Best of luck with planets! 

Clear skies to you, 

Darren. 
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1 week 6 days ago #109888 by flt158
Replied by flt158 on topic Observations - 02/01/21
Thank you, Darren, for your encouraging remarks.

You might just adjust that designation for STF 2380.
I wouldn't want to seeking out some strange deep sky object.

I have no idea as to when we are going to have the opportunity to do some observing any time soon. We appear to have so much cloud these nights. Plus there is the additional problem of zero degree temperatures.

But thankfully our sunset times are getting later by 2 minutes night after night.

I reckon I will be wearing less layers of clothing the next time I will be observing some gems in Lyra, i.e, the summer. Bring it on!!

Imagine!!

By the way, I'll have to be quick in spotting Neptune in Aquarius as soon as the Sun goes down.

Mars and Uranus are no sweat these nights.

Clear skies from Aubrey.
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1 week 5 days ago - 1 week 1 day ago #109889 by Until_then-Goodnight!
Replied by Until_then-Goodnight! on topic Observations - 02/01/21
Between leaving eyepieces behind me, and strange NGC designations, I'm just not safe to be let out at the moment. So, it's probably best that there are very few opportunities to get and observe the night sky : ).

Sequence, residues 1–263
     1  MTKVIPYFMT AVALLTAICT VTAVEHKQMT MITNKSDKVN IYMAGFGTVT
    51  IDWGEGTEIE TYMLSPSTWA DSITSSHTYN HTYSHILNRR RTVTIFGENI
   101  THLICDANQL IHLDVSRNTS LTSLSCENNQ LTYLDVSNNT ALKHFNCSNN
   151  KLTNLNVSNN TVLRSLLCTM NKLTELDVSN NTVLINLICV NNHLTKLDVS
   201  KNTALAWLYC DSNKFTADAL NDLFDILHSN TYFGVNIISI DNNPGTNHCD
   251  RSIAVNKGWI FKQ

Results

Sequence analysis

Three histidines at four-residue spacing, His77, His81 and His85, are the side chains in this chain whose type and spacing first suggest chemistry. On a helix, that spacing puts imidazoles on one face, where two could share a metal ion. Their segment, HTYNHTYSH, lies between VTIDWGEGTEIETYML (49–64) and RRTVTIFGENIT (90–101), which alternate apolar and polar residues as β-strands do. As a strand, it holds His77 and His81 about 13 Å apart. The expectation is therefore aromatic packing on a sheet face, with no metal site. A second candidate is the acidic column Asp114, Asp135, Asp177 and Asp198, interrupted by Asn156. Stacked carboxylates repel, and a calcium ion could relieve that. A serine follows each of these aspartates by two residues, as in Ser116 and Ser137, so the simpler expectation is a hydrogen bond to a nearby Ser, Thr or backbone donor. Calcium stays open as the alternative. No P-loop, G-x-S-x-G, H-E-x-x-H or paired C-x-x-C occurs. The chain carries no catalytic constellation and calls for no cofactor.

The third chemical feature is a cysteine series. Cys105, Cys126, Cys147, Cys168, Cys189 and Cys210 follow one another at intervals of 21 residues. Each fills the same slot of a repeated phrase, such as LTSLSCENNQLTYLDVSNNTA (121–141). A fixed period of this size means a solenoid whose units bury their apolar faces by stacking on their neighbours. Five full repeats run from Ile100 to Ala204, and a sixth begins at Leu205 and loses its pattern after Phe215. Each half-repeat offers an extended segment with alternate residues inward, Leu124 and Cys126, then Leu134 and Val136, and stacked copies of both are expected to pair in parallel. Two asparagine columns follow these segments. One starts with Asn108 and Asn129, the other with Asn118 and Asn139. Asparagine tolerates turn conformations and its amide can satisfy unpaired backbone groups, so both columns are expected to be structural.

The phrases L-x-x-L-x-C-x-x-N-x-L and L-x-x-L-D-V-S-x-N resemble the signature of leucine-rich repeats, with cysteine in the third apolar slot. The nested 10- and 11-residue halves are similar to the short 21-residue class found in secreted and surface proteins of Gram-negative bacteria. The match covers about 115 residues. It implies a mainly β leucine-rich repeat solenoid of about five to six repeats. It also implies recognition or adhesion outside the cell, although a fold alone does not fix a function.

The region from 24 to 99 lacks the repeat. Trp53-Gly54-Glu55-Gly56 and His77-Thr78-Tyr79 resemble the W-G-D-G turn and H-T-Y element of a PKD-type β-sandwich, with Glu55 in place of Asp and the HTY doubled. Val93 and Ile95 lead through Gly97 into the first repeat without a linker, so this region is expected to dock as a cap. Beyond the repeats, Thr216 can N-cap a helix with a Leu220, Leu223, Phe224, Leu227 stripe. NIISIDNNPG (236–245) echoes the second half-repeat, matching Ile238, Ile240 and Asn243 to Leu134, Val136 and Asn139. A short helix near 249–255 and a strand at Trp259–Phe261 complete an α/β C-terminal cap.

Seriously though, many thanks for pointing that out as I would have been on a wild goose chase so to speak!

All the best,

Darren.
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1 week 3 days ago #109894 by Fermidox
Replied by Fermidox on topic Observations - 02/01/21
I hope all the real astronomers are out tonight :D

-5.4 here at the moment...

Finbarr.
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1 week 2 days ago #109895 by donalmcnamara
Replied by donalmcnamara on topic Observations - 02/01/21
Yes last night was super. Even though cold there was not as much dew as Thursday night. Went back to basics and the Plaedies was very pleasing and the Orion Nebula was the best I have seen.
Regards
Donal